Mutex Constructor (Boolean, String, Boolean%, MutexSecurity)
Updated: May 2012
Initializes a new instance of the Mutex class with a Boolean value that indicates whether the calling thread should have initial ownership of the mutex, a string that is the name of the mutex, a Boolean variable that, when the method returns, indicates whether the calling thread was granted initial ownership of the mutex, and the access control security to be applied to the named mutex.
Assembly: mscorlib (in mscorlib.dll)
new : initiallyOwned:bool * name:string * createdNew:bool byref * mutexSecurity:MutexSecurity -> Mutex
- Type: System.Boolean
true to give the calling thread initial ownership of the named system mutex if the named system mutex is created as a result of this call; otherwise, false.
- Type: System.String
The name of the system mutex. If the value is a null reference (Nothing in Visual Basic), the Mutex is unnamed.
- Type: System.Boolean%
When this method returns, contains a Boolean that is true if a local mutex was created (that is, if name is a null reference (Nothing in Visual Basic) or an empty string) or if the specified named system mutex was created; false if the specified named system mutex already existed. This parameter is passed uninitialized.
A Win32 error occurred.
The named mutex exists and has access control security, but the user does not have MutexRights.FullControl.
The named mutex cannot be created, perhaps because a wait handle of a different type has the same name.
name is longer than 260 characters.
If name is not a null reference (Nothing in Visual Basic) and initiallyOwned is true, the calling thread owns the named mutex only if createdNew is true after the call. Otherwise the thread can request the mutex by calling the WaitOne method.
Use this constructor to apply access control security to a named system mutex when it is created, preventing other code from taking control of the mutex.
If the named system mutex does not exist, it is created with the specified access control security. If the named mutex exists, the specified access control security is ignored.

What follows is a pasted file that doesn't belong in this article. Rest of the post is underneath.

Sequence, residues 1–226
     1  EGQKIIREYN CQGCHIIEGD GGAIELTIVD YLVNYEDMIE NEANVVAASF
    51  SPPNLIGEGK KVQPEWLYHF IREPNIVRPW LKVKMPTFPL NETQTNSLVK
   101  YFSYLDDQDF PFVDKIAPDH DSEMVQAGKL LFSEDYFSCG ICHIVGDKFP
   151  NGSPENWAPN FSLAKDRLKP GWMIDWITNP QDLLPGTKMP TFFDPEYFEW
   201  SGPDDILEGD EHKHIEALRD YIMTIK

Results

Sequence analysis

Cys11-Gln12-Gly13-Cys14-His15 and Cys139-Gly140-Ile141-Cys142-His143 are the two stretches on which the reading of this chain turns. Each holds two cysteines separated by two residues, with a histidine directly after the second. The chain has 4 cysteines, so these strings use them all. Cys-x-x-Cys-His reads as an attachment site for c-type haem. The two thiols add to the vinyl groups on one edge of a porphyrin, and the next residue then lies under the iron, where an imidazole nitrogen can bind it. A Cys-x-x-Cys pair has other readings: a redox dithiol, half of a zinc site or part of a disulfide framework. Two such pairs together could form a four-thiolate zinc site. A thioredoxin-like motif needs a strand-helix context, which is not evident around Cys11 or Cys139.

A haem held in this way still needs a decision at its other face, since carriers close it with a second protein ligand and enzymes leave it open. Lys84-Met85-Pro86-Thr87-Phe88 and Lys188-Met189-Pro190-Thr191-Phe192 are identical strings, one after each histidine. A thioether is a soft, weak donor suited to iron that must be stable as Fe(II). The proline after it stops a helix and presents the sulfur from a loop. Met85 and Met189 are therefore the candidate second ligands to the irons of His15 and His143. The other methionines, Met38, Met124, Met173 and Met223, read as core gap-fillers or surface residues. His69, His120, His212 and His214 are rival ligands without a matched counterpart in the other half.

The caller has full control over the newly created Mutex object even if mutexSecurity denies or fails to grant some access rights to the current user. However, if the current user attempts to get another Mutex object to represent the same named mutex, using either a constructor or the OpenExisting method, Windows access control security is applied.
If the named mutex has already been created with access control security, and the caller does not have MutexRights.FullControl, an exception is thrown. To open an existing named mutex with only those permissions needed for synchronizing thread activities, see the OpenExisting method.
If you specify a null reference (Nothing in Visual Basic) or an empty string for name, a local mutex is created, as if you had called the Mutex(Boolean) constructor. In this case, createdNew is always true.
Because they are system-wide, named mutexes can be used to coordinate resource use across process boundaries.
On a server that is running Terminal Services, a named system mutex can have two levels of visibility. If its name begins with the prefix "Global\", the mutex is visible in all terminal server sessions. If its name begins with the prefix "Local\", the mutex is visible only in the terminal server session where it was created. In that case, a separate mutex with the same name can exist in each of the other terminal server sessions on the server. If you do not specify a prefix when you create a named mutex, it takes the prefix "Local\". Within a terminal server session, two mutexes whose names differ only by their prefixes are separate mutexes, and both are visible to all processes in the terminal server session. That is, the prefix names "Global\" and "Local\" describe the scope of the mutex name relative to terminal server sessions, not relative to processes.
The following code example demonstrates the cross-process behavior of a named mutex with access control security. The example uses the OpenExisting(String) method overload to test for the existence of a named mutex.
If the mutex does not exist, it is created with initial ownership and access control security that denies the current user the right to use the mutex, but grants the right to read and change permissions on the mutex.
If you run the compiled example from two command windows, the second copy will throw an access violation exception on the call to OpenExisting(String). The exception is caught, and the example uses the OpenExisting(String, MutexRights) method overload to open the mutex with the rights needed to read and change the permissions.
After the permissions are changed, the mutex is opened with the rights required to enter and release it. If you run the compiled example from a third command window, it runs using the new permissions.
Requires full trust for the immediate caller. This member cannot be used by partially trusted or transparent code.
Windows 7, Windows Vista SP1 or later, Windows XP SP3, Windows XP SP2 x64 Edition, Windows Server 2008 (Server Core not supported), Windows Server 2008 R2 (Server Core supported with SP1 or later), Windows Server 2003 SP2
The .NET Framework does not support all versions of every platform. For a list of the supported versions, see .NET Framework System Requirements.